On the Economy, Obama and Company Are Now Batting 2 Out of 5...
Paul Krugman is unhappy:
Feelings of despair: There’s so much to like about where Obama is going — health care, transparency in government, ending the war in Iraq. And the stimulus bill is OK, though not big enough. But on the question of fixing the banks, many of us are feeling a growing sense of despair. Obama and Geithner say the right things. But Simon Johnson nails it:
How long can you say, “we are being bold” when in fact you are not?
Obama and Geithner say things like,
If you underestimate the problem; if you do too little, too late; if you don’t move aggressively enough; if you are not open and honest in trying to assess the true cost of this; then you will face a deeper, long lasting crisis.
But what they’re actually doing is underestimating the problem, doing too little too late, and not being open and honest in trying to assess the true cost. The actual plan seems to be to keep the banks semi-alive by implicitly guaranteeing their liabilities and dribbling in money as necessary, all the while proclaiming that they’re adequately capitalized — and hope that things turn up. It’s Japan all over again. And the result will probably be a deeper, long-lasting crisis.
Back last November, I said that the Obama administration needed to do five things:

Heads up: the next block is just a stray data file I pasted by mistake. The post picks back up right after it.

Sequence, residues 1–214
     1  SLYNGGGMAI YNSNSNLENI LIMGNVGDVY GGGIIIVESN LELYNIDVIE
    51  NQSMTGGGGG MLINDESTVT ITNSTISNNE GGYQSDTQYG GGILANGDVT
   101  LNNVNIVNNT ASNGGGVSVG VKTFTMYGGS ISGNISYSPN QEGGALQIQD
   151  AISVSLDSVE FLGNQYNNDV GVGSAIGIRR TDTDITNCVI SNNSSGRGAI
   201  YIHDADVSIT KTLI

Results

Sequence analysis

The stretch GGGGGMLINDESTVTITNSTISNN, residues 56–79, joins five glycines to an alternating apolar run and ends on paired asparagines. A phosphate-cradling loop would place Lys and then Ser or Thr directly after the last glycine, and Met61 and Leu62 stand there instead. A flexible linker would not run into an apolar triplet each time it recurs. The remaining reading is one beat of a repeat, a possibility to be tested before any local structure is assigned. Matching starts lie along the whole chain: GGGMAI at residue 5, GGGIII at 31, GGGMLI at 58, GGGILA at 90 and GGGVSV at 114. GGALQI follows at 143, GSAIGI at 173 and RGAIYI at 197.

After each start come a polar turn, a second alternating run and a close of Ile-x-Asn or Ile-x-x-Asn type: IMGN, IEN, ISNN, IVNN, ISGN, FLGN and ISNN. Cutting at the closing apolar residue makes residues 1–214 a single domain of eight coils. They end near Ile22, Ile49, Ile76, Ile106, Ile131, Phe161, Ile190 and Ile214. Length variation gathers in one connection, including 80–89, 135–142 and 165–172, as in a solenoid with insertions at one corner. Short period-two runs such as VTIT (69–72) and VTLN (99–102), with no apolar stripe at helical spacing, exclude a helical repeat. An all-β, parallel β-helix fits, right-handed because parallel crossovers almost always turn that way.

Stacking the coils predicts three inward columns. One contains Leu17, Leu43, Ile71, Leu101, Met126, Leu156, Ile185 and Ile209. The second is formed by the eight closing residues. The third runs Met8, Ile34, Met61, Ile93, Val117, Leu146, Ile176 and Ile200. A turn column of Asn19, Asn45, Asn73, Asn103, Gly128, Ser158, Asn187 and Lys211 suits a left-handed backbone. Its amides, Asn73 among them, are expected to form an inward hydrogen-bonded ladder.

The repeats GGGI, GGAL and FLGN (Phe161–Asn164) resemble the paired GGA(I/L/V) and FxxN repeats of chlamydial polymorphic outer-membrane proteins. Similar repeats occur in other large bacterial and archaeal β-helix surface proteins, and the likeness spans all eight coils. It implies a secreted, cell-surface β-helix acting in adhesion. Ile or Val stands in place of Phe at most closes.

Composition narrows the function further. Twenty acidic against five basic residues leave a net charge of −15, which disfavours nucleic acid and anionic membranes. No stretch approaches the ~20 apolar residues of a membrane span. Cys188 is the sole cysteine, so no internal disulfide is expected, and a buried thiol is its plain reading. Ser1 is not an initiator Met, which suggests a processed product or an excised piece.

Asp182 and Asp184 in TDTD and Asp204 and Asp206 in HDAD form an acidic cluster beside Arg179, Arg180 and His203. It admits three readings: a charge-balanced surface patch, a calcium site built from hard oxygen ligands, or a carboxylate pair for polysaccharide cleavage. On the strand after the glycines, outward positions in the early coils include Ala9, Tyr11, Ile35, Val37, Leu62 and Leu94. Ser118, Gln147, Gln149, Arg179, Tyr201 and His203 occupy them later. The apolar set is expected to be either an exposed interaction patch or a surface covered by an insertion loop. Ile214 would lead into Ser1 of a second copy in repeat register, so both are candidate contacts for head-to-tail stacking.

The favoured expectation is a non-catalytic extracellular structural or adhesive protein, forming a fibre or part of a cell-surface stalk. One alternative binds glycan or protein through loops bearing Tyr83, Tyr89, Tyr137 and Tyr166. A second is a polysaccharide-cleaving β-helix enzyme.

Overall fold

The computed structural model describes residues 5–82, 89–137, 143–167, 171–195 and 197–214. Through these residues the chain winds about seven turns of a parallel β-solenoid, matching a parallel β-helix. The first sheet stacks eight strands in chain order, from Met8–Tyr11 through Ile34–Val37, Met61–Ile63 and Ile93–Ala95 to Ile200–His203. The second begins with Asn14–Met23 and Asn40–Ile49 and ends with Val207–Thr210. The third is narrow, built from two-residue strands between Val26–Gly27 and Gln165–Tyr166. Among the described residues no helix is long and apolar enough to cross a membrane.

- Expansionary monetary policy at an appropriate scale.
- Expansionary fiscal policy at an appropriate scale.
- Massive bank recapitalization--or nationalization--so that banks believe that they can be banks that start lending again rather than being zombies that think they have to hunker down and minimize risk in order to keep the next negative shock from destroying the institution.
- Massive buy-ups of mortgages by Fannie and Freddie so that (a) mortgage deals could be reworked, and (b) the supply of risky assets on financial markets that the private sector could be reduced in consonance with the banking system's reduced risk tolerance.
- Design the regulatory system for financial markets going forward.
Bernanke has done (1). Summers and company have done (2) at perhaps half-scale--but thanks to the Republicans and Senator Nelson that was the biggest fiscal boost progrtam that could get through congress. Geithner and his skeleton staff are doing about half of (3)--or perhaps less. And I see no signs of (4) or (5).
This is much, much better than the Bush administration. But it is not reassuring. We might still get out of this "OK," where "OK" means a headline unemployment rate that stays below 10%. But we might not...